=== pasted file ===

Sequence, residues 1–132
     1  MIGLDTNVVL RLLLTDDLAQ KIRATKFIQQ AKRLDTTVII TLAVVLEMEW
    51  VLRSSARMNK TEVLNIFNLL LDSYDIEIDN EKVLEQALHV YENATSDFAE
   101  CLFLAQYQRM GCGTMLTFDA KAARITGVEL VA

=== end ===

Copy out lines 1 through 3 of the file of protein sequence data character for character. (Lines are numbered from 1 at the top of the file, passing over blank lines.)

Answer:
Sequence, residues 1–132
     1  MIGLDTNVVL RLLLTDDLAQ KIRATKFIQQ AKRLDTTVII TLAVVLEMEW
    51  VLRSSARMNK TEVLNIFNLL LDSYDIEIDN EKVLEQALHV YENATSDFAE